Archive for August, 2010

August 25, 2010

Welcome to the Jungle

I‘ve learned a lot about myself over the course of this pregnancy.  I’ve learned about my body, my faith, and my relationships in ways that have been at times troubling, at times comforting.  I’ve experienced many moments affirming various traits I’ve always known about myself, while other moments seem to be precursors of how I’ll approach motherhood.

One of the lighter revelations has been realizing that I love, love, love baby safari animals.  Seriously?  Seriously.

Now, a few years ago, I decided that my favorite animal is the duck.  Think about it—ducks can walk, fly, and swim.  That’s one more than I can do.  Plus, I used to feed the ducks pieces of bread off the dock behind our shore house when I was little.  So it’s safe to say they’ve always had a special place in my heart.

It wasn’t until we started to shop for décor for the baby’s room that I realized I also have a major weakness for cartoon-y renditions of baby monkeys, giraffes, lions, and elephants.  Somehow, everywhere we looked at Babies ‘R’ Us, my eye instantly went to the baby jungle creatures.  Just like I always pick out the dark blue patterned tops in clothing stores, I could not get enough of round, smiling little monkey faces.  I was surprised, for sure, but also so overcome with cuteness that I didn’t quite know what to do with myself.  Was this a reflection of who I am somehow?  Or of what I will become as a mother?

Interestingly, this theme worked its way into many of the shower gifts I was given at home, without anyone having heard about my new passion from me, my mom, or anyone.  Those close to me must have also recognized this exotic yet adorable tendency in me, though I’m not sure I’ll ever know how.

The people at work, however, do know about my new love, and this week they really took it to heart.  Yesterday my colleagues threw me an incredibly thoughtful baby shower.  There were lots of glowing smiles when I stepped into the room, and they’d even gotten John to come!  What was especially touching was what folks, especially those who are parents too, wrote on the card they gave me.  They offered short and sweet reminders to enjoy the very special (and exhausting) days ahead. I am grateful to work with smart, loving, and funny people, and also encouraged by their willingness to share their wisdom with me.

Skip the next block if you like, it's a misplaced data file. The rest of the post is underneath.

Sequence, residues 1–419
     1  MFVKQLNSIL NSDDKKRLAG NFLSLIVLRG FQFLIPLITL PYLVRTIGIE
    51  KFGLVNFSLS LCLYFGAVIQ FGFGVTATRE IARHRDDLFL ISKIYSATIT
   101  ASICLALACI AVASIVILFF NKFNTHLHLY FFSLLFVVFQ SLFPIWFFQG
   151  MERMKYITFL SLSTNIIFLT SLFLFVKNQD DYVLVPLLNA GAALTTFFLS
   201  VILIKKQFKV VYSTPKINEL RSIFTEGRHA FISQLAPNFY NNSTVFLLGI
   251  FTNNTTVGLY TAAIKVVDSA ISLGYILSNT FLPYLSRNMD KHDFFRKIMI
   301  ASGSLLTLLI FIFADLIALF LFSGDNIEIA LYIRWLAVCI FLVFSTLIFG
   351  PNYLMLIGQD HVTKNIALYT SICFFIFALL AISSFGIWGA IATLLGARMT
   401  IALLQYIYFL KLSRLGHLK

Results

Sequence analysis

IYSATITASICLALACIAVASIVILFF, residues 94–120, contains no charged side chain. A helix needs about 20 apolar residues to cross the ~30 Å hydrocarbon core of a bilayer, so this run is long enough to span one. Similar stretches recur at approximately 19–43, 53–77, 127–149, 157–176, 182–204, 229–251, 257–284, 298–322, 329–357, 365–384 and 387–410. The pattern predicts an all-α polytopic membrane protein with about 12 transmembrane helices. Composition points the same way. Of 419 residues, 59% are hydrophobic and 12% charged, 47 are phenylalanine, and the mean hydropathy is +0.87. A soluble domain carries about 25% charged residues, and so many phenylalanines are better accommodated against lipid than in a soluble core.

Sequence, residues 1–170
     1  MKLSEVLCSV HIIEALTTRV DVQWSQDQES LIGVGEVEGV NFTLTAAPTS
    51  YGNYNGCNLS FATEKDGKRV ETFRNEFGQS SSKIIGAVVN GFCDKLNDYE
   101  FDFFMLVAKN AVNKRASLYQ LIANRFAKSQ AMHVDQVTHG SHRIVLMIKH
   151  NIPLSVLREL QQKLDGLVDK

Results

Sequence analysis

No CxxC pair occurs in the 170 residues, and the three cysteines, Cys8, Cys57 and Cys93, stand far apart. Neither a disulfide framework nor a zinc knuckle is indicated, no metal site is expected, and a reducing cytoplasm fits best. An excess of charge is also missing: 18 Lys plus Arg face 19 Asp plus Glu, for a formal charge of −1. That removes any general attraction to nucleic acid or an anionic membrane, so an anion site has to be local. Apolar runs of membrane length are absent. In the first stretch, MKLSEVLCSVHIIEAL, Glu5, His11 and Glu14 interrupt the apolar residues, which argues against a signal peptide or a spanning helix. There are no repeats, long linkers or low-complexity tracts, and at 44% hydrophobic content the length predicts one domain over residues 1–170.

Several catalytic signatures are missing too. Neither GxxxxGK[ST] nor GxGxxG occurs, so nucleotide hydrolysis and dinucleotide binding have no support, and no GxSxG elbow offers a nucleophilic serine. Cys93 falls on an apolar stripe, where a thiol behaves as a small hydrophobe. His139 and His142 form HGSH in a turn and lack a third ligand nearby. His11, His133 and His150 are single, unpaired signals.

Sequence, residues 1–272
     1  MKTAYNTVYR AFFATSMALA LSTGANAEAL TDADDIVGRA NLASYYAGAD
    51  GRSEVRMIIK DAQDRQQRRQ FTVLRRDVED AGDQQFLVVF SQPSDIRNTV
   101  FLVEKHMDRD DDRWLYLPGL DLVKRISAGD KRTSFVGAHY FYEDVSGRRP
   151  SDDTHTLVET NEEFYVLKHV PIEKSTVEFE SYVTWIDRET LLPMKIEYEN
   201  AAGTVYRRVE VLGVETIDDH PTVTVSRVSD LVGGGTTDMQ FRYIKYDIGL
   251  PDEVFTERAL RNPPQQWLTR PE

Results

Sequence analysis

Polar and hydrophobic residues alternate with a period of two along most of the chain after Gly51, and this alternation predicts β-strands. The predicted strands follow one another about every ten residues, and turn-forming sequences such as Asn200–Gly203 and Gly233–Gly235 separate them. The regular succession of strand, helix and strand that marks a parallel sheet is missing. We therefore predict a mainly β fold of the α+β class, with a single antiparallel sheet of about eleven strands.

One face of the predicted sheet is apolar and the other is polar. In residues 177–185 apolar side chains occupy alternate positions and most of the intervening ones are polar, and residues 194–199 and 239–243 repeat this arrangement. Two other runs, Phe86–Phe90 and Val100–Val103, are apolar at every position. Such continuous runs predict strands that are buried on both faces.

But that has nothing to do with baby safari animals.  The cupcakes they got from Nine Cakes in Brooklyn for the celebration, however, do.  Try to tell me these are not the most adorable cupcakes you’ve ever seen. Really, go ahead.

Baby Safari Animals + Cupcakes = Double Sweetness

See?  Impossible.  Hands down, cutest cupcakes ever.  Yes, they were as delicious as they look.

Having a baby really brings out the cute in people.  And in safari animals.

August 18, 2010

What Are You Waiting For?

Anyone get the Jennifer Love Hewitt, I Know What You Did Last Summer reference?  No?  Okay, well, that’s not what this post is about anyway.

As I’m nearing the end of this pregnancy (gasp!), I’ve started to get questions about what I’ve missed the most over the last eight months or so.

The other night, someone, who clearly doesn’t know me very well, asked if I’d missed alcohol.  I am looking forward to a nice post-delivery glass of white wine—over sushi, of course—but drinking in general has never had a big draw for me.  Plus, I think the only way my smell buds (taste buds in your nose?) have intensified is in their sensitivity towards wine.  I’ve been getting more of a flavor experience out of smelling wine these past few months than I used to get from sipping a glass.  Or maybe this just means John’s been drinking better wine lately. . . .

What I am looking forward to is wearing a real pair of jeans.  Perhaps this goal is a little farther off than that glass of wine, but I’m certainly more excited about it, and not just for the body image factor.

When I first went shopping for maternity clothes, I found an awesome pair of jeans.  They were just my size, even petite, and fit me perfectly right off the bat.  They have continued to fit as I grew, and for a long time I was convinced that I would wear them forever.  The big (and hidden) elastic waistband was so darn comfortable, I couldn’t ever see myself going back to “normal people jeans.”

However.  I didn’t anticipate the fact that this baby is due to arrive about the same time as autumn—one of the very best times of year for wardrobe-switching.